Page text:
Indian Bakhshali manuscript rewrites history of zero symbol | News | DW | 14.09.2017
  1. Inhalt
  2. Navigation
  3. Weitere Inhalte
  4. Metanavigation
  5. Suche
  6. Choose from 30 Languages


Indian Bakhshali manuscript rewrites history of zero symbol

Carbon dating has shown the Bakhshali manuscript, which contains hundreds of zeros, to be centuries older than first thought. The ancient Buddhist text is now said to feature the oldest known use of the symbol.

According to a report in the New Scientist magazine on Thursday, researchers at the University of Oxford have made a discovery that completely rewrites the history of zero.

Carbon dating of an ancient Indian text called the Bakhshali Manuscript has revealed that the symbol was first described between 224 and 383 AD, 400 years earlier than originally thought.

The ancient Sanskrit text was discovered near the village of Bakhshali in modern-day Pakistan in 1881 and has been at Oxford's Bodleian library since 1902. According to the university's Marcus du Sautoy, the book of some 70 birch bark pages "seems to be a training manual for Buddhist monks."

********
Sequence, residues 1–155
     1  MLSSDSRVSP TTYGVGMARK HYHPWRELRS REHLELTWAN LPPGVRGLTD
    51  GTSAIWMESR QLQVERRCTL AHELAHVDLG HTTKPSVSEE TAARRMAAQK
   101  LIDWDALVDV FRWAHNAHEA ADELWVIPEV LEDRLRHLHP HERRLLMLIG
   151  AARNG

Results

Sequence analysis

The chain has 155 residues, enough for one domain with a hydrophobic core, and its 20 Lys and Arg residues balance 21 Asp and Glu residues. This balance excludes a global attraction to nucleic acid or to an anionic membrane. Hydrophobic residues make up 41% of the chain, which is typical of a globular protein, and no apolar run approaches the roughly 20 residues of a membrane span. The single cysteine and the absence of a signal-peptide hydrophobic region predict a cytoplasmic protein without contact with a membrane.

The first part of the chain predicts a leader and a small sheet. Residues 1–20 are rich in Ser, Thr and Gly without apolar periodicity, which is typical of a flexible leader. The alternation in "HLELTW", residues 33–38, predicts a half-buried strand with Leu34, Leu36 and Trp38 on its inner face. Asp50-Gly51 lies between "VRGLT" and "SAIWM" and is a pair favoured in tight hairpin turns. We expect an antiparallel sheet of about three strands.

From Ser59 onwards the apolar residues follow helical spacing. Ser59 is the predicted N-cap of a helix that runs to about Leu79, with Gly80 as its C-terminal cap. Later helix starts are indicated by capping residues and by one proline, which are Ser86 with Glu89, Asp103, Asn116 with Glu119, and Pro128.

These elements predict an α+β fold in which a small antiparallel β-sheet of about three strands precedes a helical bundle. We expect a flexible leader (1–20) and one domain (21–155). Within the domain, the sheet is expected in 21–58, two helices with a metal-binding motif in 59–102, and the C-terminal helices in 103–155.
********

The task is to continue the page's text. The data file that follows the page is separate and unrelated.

It also contains a number of arithmetic problems, as well as geometry, algebra and quadratic equations.

Within its pages, the Bakhshali Manuscript contains hundreds of dots denoting zeroes. However, the text was originally thought to have originated between the 8th and 12th centuries, after the Indian astronomer and mathematician Brahmagupta wrote the first text describing zero as a number in the year 628.

According to the Smithsonian, the Bakhshali text does not use zero as number in its own right like Brahmagupta does, but rather as "placeholders denoting the absence of value — as way to distinguish 1 from 10 and 100, for instance."

The use of zero is incredibly important in the development of mathematics, physics and technology. Zero has formed the base of everything from calculus to the first forms of computer programming.

The Bakhshali manuscript is set to go on display on October 4 at the Science Museum in London as part of a wider exhibit, "Illuminating India: 5000 Years of Science and Innovation."

DW recommends